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Remember Food Safety At Outdoor Gatherings
By Chantel Lott
MISSISSIPPI STATE -- Summertime is a traditional season for outdoor celebrations and reunions, but those enjoyable occasions can turn sour if foodborne illness shows up as the ultimate unwanted guest.
About 7 million Americans suffer from food poisoning each year, but 85 percent of those cases could be avoided with proper handling of food.
Dr. Melissa Mixon, a human nutrition specialist with Mississippi State University's Extension Service, said some of the more at-risk foods when not handled properly are meats, fish, poultry, milk, milk products and eggs. This also includes any food that contains any of these items.
"Sometimes people think that just because food has been cooked, that it cannot spoil, when actually bacteria can grow in foods both before and after the cooking process," Mixon said.
For example, during the extreme heat of the summer, Southern fried chicken, a staple on Mississippi picnic tables, should not be left out for more than one hour.
"Foodborne illness is always a possibility when the food's temperature is between 40 and 140 degrees for more than two hours. This is the danger zone," Mixon said.
When preparing food in large quantities, cooling can become a problem. A large container placed in a refrigerator does not ensure protection from bacterial growth. The center of the container may take as long as two days to reach a safe temperature, allowing the bacteria hours to grow.
"Placing hot foods in shallow containers to speed the cooling process is a great idea when preparing foods in advance for a crowd," Mixon said.
Another way foodborne illness can occur is by the improper handling of cooking utensils. An example is cutting up raw meat with a knife and then using the same knife to cut lettuce or fresh vegetables without thoroughly washing the knife. Any bacteria from the meat is transferred to the vegetables by the knife.
"When the same unwashed plate is used to carry meat back and forth to the grill, the bacteria is transferred to the cooked meat as it is placed on that plate and brought to the table," Mixon said. Other tools of contamination can be the counter top, the cutting board, the sink, a plate or kitchen towels.
To avoid cross-contamination, always clean kitchen utensils and hands with hot, soapy water. Two teaspoons of unscented bleach in a gallon of water adds extra assurance of sterilization to utensils.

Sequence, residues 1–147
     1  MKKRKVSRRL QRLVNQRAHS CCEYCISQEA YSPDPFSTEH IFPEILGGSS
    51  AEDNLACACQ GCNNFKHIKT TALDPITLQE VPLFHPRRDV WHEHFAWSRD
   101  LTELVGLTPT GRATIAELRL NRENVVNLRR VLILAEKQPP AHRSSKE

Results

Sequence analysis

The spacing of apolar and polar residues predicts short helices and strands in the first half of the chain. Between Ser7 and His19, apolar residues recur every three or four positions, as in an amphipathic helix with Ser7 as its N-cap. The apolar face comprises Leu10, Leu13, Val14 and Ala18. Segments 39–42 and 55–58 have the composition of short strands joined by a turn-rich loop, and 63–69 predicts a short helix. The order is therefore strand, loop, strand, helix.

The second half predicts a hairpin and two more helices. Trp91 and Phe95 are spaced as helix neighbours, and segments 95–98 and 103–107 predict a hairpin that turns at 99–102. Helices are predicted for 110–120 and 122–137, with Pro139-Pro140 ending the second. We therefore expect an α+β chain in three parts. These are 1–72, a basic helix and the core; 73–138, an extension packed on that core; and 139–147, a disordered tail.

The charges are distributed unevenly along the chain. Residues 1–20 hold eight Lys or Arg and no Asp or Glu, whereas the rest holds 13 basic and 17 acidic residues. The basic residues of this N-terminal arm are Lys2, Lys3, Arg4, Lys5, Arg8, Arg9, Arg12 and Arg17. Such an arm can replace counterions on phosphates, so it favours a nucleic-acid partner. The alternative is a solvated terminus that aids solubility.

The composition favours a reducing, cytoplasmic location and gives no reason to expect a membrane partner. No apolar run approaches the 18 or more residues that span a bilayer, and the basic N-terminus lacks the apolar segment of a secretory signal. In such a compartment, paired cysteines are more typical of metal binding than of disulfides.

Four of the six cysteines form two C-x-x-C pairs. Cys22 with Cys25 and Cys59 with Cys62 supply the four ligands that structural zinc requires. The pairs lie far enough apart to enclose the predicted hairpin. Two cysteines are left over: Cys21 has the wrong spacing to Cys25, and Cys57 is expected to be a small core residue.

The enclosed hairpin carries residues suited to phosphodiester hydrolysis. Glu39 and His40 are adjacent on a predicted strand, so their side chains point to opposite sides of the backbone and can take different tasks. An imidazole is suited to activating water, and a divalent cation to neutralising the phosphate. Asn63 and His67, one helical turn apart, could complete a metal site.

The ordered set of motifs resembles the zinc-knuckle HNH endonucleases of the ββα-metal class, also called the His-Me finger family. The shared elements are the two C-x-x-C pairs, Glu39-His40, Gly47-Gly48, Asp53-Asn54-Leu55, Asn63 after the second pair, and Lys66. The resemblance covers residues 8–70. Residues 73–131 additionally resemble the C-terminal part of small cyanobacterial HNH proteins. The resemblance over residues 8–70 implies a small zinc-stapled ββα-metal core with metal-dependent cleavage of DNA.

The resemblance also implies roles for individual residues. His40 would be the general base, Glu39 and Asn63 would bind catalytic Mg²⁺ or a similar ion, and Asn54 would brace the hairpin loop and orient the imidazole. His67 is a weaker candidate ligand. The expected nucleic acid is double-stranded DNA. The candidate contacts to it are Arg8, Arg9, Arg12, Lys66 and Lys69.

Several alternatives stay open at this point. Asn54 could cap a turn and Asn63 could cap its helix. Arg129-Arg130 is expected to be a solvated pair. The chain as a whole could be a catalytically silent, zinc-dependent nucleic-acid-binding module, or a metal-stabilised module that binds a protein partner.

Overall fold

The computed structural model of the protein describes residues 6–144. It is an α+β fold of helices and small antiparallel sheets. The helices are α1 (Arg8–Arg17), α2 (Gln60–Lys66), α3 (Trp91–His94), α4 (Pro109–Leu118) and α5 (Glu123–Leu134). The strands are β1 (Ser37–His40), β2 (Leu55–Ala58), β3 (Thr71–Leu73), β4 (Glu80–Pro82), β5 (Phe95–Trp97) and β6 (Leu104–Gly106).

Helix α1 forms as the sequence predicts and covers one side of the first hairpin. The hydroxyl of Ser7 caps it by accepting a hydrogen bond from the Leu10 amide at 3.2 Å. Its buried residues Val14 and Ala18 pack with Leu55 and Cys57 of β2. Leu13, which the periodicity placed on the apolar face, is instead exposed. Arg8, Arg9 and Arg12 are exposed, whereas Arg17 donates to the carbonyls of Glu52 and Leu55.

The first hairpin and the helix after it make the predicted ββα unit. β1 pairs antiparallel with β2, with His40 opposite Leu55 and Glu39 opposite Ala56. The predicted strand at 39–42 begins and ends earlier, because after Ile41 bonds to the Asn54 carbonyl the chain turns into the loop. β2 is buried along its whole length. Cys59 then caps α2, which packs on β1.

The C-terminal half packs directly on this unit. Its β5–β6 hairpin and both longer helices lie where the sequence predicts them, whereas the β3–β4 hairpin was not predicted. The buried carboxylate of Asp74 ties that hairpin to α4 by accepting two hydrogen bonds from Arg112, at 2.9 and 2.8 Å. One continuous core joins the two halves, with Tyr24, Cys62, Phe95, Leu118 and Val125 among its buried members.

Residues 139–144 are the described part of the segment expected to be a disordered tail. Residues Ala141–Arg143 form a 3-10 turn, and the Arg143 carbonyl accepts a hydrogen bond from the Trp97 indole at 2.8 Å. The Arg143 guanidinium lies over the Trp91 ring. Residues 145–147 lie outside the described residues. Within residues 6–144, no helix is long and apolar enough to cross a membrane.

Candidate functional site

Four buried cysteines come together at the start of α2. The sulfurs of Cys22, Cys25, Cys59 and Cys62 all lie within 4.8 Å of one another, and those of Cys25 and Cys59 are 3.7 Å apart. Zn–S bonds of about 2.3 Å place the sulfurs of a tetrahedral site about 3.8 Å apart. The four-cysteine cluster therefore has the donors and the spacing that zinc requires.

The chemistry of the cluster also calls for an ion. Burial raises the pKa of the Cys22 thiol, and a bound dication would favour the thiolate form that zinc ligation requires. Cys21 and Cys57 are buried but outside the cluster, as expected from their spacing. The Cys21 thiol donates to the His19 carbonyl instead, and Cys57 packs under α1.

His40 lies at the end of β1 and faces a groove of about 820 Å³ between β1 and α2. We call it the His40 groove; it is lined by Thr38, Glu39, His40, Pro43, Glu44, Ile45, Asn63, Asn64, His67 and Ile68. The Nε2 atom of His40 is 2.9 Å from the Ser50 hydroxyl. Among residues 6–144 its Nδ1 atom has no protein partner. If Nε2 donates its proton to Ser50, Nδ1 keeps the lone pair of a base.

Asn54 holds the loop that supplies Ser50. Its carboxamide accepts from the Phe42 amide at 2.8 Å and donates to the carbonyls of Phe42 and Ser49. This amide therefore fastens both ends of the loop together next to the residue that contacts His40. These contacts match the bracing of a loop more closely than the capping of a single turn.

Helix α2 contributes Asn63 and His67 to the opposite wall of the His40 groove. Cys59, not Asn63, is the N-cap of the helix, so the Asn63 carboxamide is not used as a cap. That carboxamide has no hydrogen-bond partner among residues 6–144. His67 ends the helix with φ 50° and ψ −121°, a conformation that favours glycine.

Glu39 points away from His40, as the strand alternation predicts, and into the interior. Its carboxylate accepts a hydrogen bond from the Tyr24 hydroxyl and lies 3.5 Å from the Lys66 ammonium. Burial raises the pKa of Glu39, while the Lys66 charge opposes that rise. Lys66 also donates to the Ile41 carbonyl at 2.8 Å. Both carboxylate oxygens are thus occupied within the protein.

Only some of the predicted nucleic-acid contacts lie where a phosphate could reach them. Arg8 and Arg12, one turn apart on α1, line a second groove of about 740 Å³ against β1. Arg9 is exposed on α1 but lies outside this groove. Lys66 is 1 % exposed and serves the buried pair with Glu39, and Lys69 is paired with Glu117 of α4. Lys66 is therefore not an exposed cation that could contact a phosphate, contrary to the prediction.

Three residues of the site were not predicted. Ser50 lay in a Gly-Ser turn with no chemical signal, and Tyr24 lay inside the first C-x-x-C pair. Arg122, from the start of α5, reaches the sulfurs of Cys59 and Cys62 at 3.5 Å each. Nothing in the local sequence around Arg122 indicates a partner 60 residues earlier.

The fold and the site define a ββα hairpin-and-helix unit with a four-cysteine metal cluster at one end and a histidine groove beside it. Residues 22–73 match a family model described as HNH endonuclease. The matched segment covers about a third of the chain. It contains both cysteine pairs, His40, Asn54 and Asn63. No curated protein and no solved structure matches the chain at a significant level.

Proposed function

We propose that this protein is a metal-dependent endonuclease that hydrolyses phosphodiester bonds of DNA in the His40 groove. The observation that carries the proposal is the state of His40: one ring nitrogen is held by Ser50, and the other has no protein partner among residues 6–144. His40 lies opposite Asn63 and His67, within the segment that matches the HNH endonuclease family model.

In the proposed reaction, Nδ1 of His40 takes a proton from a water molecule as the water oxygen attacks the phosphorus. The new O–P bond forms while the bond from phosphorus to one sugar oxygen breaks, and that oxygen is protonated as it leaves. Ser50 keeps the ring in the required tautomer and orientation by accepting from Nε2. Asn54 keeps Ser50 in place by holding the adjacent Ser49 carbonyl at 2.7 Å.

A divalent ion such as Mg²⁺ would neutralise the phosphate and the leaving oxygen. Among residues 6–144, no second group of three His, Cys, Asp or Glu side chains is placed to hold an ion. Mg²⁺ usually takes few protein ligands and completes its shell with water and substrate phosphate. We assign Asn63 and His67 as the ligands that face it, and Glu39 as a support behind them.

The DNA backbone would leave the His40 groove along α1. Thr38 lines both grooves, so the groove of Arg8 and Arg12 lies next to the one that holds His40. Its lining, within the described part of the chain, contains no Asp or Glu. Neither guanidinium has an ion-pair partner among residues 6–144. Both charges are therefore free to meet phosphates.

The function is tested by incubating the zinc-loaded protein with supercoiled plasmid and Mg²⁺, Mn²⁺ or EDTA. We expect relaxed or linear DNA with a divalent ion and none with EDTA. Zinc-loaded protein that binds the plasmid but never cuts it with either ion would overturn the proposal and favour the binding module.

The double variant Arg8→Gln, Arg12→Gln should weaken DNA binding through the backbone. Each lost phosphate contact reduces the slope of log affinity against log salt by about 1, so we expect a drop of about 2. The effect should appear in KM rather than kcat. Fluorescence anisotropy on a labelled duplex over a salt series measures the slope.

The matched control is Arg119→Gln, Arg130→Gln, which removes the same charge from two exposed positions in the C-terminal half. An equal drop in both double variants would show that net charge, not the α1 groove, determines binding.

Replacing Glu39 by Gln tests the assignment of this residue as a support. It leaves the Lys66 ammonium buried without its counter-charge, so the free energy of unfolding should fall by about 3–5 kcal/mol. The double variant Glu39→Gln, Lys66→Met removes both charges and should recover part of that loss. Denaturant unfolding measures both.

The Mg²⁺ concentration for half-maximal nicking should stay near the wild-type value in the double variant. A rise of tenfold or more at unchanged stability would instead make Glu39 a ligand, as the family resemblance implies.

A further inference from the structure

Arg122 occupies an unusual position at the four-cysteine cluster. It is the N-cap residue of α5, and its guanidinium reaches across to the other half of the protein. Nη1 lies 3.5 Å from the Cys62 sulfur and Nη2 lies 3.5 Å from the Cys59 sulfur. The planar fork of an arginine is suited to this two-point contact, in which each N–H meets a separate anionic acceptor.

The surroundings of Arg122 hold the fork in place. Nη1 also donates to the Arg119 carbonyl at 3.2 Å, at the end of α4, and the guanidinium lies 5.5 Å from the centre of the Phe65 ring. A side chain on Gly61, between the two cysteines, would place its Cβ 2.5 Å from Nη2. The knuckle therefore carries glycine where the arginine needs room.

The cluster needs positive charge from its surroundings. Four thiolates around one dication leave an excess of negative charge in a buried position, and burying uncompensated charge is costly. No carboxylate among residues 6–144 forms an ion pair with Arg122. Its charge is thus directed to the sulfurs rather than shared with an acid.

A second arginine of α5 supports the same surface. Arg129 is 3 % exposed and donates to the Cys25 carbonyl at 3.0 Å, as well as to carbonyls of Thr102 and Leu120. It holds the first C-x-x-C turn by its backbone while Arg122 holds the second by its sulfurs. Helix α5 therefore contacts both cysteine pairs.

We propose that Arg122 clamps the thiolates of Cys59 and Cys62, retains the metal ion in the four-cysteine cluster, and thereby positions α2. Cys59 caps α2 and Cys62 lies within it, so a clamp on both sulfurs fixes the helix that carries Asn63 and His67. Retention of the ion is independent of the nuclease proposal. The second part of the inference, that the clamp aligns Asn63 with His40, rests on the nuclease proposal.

"Scrub hands together for 20 seconds, instead of just swiping under running water," Mixon said. "It is very important to cleanse in between fingers and under nails."
Cooking foods to the proper temperature is another way to ensure safety.
"We can no longer judge meat to be cooked properly by color, as we once did," Mixon said. "Beef cooked to a grayish shade does not mean that the middle has reached 160 degrees, which is the recommended temperature for ground meat. Even poultry must reach 180 degrees to be thoroughly cooked. The investment in a small meat thermometer is a wise one."
Coolers also play a large role in combating foodborne illness.
Juices from the uncooked meats stored in a cooler should not touch other foods. Do not open coolers unless necessary. The temperature is more likely to change the more it is opened. Keep all cold foods below 40 degrees. As time passes replenish the melted ice in the cooler. All hot foods placed inside a cooler shortly after preparation should maintain appropriate temperatures for about 30 minutes. Always monitor the temperature with a thermometer.
"Some forms of foodborne illness take four hours to 50 days to surface," Mixon said. "It is not a pleasant experience, and with just a few simple precautions, can be avoided."
For more information contact your local extension office and ask for publication number 1787, titled "A Quick Consumer Guide to Safe Food Handling," or call the USDA's Meat and Poultry Hotline at 1-800-535-4555.